Friday, June 02, 2006

"As dirty an election as America has ever seen."

Every few years, I come across a piece of non-fiction that changes how I look at the world: Richard Dawkins's The Selfish Gene, Richard Hofstadter's The Paranoid Style in American Politics, and Chris Hedges's War is a Force that Gives Us Meaning.

A new article by Robert F. Kennedy, Jr. is one of those works that turns everything on its head. Was the 2004 Election Stolen? is a lengthy, scrupulously documented piece of muckraking. It is utterly convincing. Reading it changes everything. The article is indispensible.

Hyperbole? No. I came to the article skeptical. Immediately after the election, I donated to Black Box Voting. Then I stopped thinking about it. Like a death in the family, there's a point where you need to move on and rationalize. Claims of a stolen election took their place with conspiracies about the Kennedy assassination and U.S. responsibility for 9/11.

But like a James Ellroy novel transplanted to electoral politics, this article builds a chilling, cynical, frightening momentum, and conventional expectations wilter. It's so lengthy and detail-packed that I can't summarize it. I don't want to do a book report -- I want everyone with a conscience to read.

The article isn't a retread about the flaws of electronic voting machines and Republican disfranchisement minorities. In the state of Ohio, the fix was in on every level. As the article says:
Indeed, the extent of the GOP's effort to rig the vote shocked even the most experienced observers of American elections. ''Ohio was as dirty an election as America has ever seen,'' Lou Harris, the father of modern political polling, told me. ''You look at the turnout and votes in individual precincts, compared to the historic patterns in those counties, and you can tell where the discrepancies are. They stand out like a sore thumb.''
In January, a team of mathematicians from the National Election Data Archive, a nonpartisan watchdog group, compared the state's exit polls against the certified vote count in each of the forty-nine precincts polled by Edison/Mitofsky. In twenty-two of those precincts -- nearly half of those polled -- they discovered results that differed widely from the official tally. Once again -- against all odds -- the widespread discrepancies were stacked massively in Bush's favor: In only two of the suspect twenty-two precincts did the disparity benefit Kerry. The wildest discrepancy came from the precinct Mitofsky numbered ''27,'' in order to protect the anonymity of those surveyed. According to the exit poll, Kerry should have received sixty-seven percent of the vote in this precinct. Yet the certified tally gave him only thirty-eight percent. The statistical odds against such a variance are just shy of one in 3 billion.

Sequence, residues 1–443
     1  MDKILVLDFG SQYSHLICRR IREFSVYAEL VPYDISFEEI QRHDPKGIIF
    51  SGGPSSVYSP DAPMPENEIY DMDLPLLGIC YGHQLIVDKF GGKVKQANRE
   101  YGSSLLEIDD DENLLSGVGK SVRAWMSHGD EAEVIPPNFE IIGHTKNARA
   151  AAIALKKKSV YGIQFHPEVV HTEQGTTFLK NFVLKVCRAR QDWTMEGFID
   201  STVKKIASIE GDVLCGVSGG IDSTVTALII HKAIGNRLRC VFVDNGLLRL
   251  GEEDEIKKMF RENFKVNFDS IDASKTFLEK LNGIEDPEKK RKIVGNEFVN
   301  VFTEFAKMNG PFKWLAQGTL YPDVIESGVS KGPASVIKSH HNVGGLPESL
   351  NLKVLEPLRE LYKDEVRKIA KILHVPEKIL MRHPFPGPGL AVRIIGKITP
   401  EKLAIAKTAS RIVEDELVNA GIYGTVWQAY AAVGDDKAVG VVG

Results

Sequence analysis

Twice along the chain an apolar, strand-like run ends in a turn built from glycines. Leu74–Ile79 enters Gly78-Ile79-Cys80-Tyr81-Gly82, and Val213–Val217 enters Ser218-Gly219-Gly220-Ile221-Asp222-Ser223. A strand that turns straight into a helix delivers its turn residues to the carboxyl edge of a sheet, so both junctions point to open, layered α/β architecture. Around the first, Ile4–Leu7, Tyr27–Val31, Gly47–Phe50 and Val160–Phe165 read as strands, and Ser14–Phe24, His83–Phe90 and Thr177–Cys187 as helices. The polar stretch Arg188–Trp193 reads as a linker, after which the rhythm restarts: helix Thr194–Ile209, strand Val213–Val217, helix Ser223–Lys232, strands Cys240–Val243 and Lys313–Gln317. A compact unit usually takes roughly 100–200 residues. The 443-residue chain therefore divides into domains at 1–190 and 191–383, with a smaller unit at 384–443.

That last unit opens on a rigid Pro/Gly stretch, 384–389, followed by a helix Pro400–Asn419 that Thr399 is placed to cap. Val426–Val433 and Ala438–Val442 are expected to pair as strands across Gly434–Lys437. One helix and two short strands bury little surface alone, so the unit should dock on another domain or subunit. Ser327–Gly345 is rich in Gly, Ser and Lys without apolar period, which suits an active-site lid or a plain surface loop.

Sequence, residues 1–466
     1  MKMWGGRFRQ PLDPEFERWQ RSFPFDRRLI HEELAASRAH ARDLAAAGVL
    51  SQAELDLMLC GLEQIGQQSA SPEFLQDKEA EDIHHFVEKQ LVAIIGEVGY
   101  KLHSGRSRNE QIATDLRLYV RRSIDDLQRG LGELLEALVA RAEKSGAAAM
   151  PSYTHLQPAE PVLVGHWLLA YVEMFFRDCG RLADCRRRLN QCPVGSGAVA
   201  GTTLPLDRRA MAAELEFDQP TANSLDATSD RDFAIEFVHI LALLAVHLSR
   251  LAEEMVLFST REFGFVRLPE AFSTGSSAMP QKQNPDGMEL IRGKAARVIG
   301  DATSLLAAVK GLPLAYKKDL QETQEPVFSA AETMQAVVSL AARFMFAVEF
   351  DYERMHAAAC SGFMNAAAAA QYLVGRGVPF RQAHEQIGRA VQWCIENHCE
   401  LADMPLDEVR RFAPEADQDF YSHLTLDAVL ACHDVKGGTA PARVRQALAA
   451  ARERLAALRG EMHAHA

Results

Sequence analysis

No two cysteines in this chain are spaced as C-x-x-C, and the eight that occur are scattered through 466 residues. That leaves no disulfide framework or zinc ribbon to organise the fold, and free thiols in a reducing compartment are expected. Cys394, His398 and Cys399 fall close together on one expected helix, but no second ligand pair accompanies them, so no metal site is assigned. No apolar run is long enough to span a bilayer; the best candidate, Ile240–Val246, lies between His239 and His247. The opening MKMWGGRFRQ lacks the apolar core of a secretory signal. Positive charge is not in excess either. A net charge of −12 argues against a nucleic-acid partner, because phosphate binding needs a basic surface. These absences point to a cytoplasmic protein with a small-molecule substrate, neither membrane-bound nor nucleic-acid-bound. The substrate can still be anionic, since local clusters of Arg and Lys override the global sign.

Go. Read. Now.

Update: has posted a fairly persuasive piece rebutting Kennedy's use of fact. For instance: "... Kennedy relies on a band of researchers whose research on election fraud has long been called into question by experts. Especially in his section on Ohio's exit poll, Kennedy reports his sources' theories uncritically, even though many have been debunked, or have at least been the subject of tremendous debate among experts. Reading Kennedy's article, you'd never guess that some of his star sources' claims have fared quite badly when put to people in the field."


Crunk Raconteur said...

When Flop pointed this article out to me, I didn't expect to be surprised, and in fact I wasn't. I'm still not over the events of that day, and what it was like to be in my godforsaken home state (are you happy now, Diane McCune of Grove City, you incomprehensible moron!).

Maybe I'm less enraged by this because I had an outlet when it was happening. And make no mistake, it was happening. I've told this story many times before, but my first case of official voter fraud came in to my office on Cleveland's west side at 7:00 am that morning. Seems this woman, who had just recently registered to vote for the first time, had a bit of a boo boo done to her by the board of elections (oh Ken Blackwell, you are a devilish one!). The board made just a minor "mistake" on her registration. You see, she lived on W. 112th street in Cleveland....but her voter card had her listed as living on...E. 112th street, so her precinct was way across town. So she went there, and since her ID had her actual address, they didn't let her vote. So she went to where her actual precinct should be, and because she wasn't registered there, they didn't let her vote there either. So she came to us. And she did all of this before 7 am.

So, yeah, I believe this story. The Republicans, a party of stupid ideology supported by blatant criminality, stole from me what was mine.

Truthdowser said...

Searching BlogPulse with kennedy ohio got me to this good entry.... but what do I REALLY LIKE? Commenter Crunk's phrase just above: "The Republicans, a party of stupid ideology supported by blatant criminality." ...awesome. ...willing to share that?

CrimeNotes said...

Crunk may have just inspired our first line of Cafe Press T-shirts. I can't speak for him, but I suspect that he's willing to share. And get used to it. If I understand correctly, he'll soon be guest-blogging here for six weeks.

Crunk Raconteur said...

I am happy to share, all I ask is that if Cafe Press T-shirts are printed up, that I get a free one!